The curse of classic 63m sailing yacht Creole
by Keith Dovkants
In the words of veteran photographer Gilles Martin-Raget, Creole is “a boat outside all the norms of size, aesthetics and history”. Certainly, at 63.03 metres, the three-masted schooner is rated the world’s largest wooden sailing yacht and her beauty is unquestionable. Yet it is the word “history” that resonates here because Creole’s back story is interlaced with suicide, jealousy and murder – beyond most norms, certainly.
Sailors tend to be superstitious souls and “the curse of Creole” is a phrase not unknown in yachting lore. It seemed it had struck again when it was reported from Italy that the vessel’s owners, Alessandra and Allegra Gucci, were being investigated for alleged tax dodging. How is it possible, a rational person might ask, for a boat to infect its owners with ill fortune? How indeed.
Yet deep scrutiny of Creole’s past reveals some strange facts, including an episode in which a medium was hired to exorcise “evil influences”. And a highly respected Italian newspaper once carried a headline that claimed “The Creole betrayed Maurizio Gucci”, her then owner and father of Alessandra and Allegra.
The omens were not good when it took three attempts to break the magnum of Champagne on the bow of the big schooner when she was christened Vira at Camper & Nicholsons’ yard in Gosport, Hampshire. It was 1927 and the vessel was considered a masterpiece of her time, not least by her architect, the esteemed Charles E Nicholson. The yacht was at the forefront of design and technology, with two generators, electric refrigeration and central heating throughout her apartment-sized suites.
But trouble began early on. When her owner, the immensely wealthy US carpet manufacturer Alexander Smith Cochran, saw the towering rig he quailed. It would be unmanageable, he said, and ordered the yard to shorten her spars by three metres. It was not enough, he maintained, after the work was done. Cut them down some more.
Vira finally left Gosport with a stumpy rig that didn’t suit her ballast. Lead was taken out at a yard in Spain, but they overdid it and she became hopelessly tender. Then, the frustrated and unhappy Cochran was struck down by tuberculosis. He died a year later, aged 55.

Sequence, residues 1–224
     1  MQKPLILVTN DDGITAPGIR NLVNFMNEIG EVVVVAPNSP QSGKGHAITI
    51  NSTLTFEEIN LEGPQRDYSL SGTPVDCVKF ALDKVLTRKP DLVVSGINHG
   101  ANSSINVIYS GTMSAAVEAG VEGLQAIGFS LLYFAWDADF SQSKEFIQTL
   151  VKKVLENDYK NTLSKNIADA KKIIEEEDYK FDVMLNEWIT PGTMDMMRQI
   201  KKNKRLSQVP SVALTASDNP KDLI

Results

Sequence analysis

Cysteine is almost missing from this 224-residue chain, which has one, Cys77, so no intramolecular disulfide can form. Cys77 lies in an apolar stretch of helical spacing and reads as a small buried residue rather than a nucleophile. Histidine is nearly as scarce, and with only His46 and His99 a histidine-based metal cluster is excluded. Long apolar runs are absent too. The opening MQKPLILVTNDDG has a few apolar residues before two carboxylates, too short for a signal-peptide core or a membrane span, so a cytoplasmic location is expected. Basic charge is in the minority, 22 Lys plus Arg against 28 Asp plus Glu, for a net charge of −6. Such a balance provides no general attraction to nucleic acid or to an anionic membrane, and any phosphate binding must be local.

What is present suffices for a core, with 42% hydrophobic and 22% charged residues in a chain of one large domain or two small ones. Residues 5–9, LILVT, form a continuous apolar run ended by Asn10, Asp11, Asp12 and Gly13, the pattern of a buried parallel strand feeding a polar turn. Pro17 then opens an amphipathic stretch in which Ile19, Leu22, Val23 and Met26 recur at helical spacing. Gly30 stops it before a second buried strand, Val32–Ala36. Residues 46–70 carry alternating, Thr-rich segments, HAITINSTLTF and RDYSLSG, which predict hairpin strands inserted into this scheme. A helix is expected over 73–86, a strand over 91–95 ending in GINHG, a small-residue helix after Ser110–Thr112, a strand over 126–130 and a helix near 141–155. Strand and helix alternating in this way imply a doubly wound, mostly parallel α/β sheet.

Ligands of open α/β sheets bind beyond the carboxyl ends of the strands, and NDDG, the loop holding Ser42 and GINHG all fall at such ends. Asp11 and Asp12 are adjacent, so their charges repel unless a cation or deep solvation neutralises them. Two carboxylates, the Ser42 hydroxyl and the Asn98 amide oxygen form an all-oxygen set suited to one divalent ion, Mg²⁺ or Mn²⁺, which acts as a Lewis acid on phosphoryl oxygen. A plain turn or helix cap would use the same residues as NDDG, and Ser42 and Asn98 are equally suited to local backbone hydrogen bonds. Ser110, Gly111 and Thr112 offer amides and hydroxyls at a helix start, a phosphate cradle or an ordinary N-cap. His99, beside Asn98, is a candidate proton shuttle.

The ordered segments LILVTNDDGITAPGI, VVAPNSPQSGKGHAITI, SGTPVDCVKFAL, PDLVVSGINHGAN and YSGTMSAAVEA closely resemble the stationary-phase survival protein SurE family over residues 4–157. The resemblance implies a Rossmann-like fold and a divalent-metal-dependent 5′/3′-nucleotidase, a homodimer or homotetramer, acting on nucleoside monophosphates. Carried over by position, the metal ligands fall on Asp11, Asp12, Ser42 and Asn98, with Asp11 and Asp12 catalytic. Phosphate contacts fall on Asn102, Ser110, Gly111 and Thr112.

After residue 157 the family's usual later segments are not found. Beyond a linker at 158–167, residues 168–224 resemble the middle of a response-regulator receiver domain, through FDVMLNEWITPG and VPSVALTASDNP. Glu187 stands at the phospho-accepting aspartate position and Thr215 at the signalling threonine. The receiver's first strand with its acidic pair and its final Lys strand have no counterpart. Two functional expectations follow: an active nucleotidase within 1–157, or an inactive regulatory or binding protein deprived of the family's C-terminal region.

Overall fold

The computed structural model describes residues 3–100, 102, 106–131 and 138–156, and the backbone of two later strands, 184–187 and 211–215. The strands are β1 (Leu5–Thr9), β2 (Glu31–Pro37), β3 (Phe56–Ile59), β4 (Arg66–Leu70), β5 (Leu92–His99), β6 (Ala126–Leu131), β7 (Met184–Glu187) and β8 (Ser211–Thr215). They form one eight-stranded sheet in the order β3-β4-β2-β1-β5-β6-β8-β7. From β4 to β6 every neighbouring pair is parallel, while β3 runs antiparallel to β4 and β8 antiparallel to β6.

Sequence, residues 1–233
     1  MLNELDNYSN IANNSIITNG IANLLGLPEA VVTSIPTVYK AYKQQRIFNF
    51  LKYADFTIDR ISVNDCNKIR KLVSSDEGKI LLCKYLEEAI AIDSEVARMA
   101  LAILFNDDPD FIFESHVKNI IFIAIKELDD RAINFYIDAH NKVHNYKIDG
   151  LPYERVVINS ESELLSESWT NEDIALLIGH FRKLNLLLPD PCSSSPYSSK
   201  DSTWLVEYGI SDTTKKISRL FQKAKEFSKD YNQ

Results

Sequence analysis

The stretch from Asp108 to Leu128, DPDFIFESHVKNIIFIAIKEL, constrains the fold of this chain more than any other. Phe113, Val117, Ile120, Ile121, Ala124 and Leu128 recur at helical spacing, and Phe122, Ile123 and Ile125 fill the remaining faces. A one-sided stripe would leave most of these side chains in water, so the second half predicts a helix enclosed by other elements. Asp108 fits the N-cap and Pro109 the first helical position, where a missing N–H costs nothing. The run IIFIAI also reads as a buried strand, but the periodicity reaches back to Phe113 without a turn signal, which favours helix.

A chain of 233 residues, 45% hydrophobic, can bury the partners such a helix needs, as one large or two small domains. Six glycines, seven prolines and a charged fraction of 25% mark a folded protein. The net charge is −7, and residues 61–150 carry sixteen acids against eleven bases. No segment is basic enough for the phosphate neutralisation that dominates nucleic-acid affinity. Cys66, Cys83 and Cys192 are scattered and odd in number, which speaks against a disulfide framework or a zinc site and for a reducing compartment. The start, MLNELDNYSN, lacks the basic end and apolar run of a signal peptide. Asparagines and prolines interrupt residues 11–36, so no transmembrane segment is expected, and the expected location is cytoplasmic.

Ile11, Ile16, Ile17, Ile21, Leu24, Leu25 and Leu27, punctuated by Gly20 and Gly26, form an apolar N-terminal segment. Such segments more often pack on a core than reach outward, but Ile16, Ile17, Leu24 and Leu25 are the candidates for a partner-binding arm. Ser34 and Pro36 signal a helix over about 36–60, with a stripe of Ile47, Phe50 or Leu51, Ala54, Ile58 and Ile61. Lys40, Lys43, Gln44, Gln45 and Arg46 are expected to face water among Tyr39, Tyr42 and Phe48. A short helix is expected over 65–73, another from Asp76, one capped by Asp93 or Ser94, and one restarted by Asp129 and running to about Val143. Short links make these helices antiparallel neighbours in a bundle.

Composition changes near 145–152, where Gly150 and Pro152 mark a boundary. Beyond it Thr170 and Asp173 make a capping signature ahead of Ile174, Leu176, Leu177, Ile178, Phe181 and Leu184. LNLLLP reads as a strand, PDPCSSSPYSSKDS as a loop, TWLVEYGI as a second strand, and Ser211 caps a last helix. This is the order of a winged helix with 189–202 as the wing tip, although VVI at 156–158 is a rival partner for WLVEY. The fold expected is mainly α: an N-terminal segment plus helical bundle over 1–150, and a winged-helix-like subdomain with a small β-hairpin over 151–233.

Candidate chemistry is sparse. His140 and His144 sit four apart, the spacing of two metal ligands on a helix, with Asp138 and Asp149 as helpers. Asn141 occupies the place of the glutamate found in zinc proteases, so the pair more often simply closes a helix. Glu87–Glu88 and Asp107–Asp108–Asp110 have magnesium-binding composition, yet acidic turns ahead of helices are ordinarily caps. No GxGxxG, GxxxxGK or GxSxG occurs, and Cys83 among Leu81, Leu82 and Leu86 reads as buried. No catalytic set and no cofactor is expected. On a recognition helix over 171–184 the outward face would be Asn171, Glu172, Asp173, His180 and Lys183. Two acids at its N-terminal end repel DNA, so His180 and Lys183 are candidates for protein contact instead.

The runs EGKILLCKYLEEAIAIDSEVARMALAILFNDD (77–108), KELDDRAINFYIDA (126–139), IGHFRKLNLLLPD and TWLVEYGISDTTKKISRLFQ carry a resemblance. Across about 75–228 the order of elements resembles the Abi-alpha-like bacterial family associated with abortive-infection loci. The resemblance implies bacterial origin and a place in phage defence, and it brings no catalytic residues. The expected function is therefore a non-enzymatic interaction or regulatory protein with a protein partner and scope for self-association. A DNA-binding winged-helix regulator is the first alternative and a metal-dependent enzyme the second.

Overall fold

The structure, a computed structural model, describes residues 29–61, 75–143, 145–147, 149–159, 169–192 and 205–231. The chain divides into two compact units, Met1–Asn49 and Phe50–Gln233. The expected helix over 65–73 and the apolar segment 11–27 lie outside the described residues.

Vira was sold to South Coast yachtsman Maurice Pope, who renamed her Creole, apparently after a particularly delicious dessert created by his chef. In 1937 she was bought by financier Sir Connop Guthrie, who had just been made a baronet. Guthrie was a dedicated sailor who restored Creole’s rig and keel and raced her successfully until the outbreak of WWII in 1939.
Guthrie loaned Creole to the Admiralty and, with her rig removed and her deckworks changed to accept armament, she became the mine-hunter Magic Circle.
Guthrie died, aged 63, in 1945, the year that Magic Circle was returned to his family. She became Creole once more but was almost unrecognisable after her war service. Following the death of Sir Connop she languished in a sorry state until spotted by Stavros Niarchos, the Greek shipping tycoon.
It was 1947 and Niarchos, like his great rival Aristotle Onassis, was growing fabulously rich thanks to the post-war shipping boom. He snapped up the forlorn schooner and began a restoration that would cost many millions but which returned Creole to the beautifully appointed and wickedly fast yacht her designer had intended.
Niarchos added the capacious varnished deckhouse Creole has today and her cabins were hung with valuable works from his art collection. She became his floating home for long periods; his most treasured possession and, ultimately, a silent witness to tragedy and a sensational mystery.
As Creole’s restoration began, Niarchos courted Eugenia Livanos, the beautiful 21-year-old daughter of another shipping magnate. They were married, had four children and, despite his affairs, remained together.
In May 1970, they were on holiday on Niarchos’s private island, Spetsopoula, in the Aegean. With them was Athina – Tina – Onassis, Eugenia’s sister. What happened on the night of 3 May is, to this day, the subject of speculation and dark whispers, but the official version is that Eugenia killed herself with an overdose of barbiturates. At a post mortem on the mainland, the pathologist reported severe bruising on Eugenia’s body and the prosecutor in Piraeus began an investigation.
Niarchos became a suspect but he was later exonerated. According to some sources, he was cleared after the intervention of Greece’s ruling military junta, with which he had close links. It later emerged, in an account said to have been based on the testimony of a witness who was on the island, that Eugenia had caught Niarchos trying to force himself upon Tina, her sister, and a violent fight broke out.
In another account, Eugenia was said to have taken a lethal overdose in her cabin aboard Creole. What is certain is that Creole was used to bring Eugenia’s body back from the mainland to Spetsopoula, where she was buried in the Niarchos family mausoleum.
The death of Eugenia ended Niarchos’s love affair with Creole. He went on to marry Tina and sold the yacht, in 1977, to the Danish government for use as a sail training vessel for youngsters, including those in a drugs rehabilitation programme. Such work took a heavy toll; after five years, the cost of maintaining Creole was more than the Danes could justify and a new owner was sought.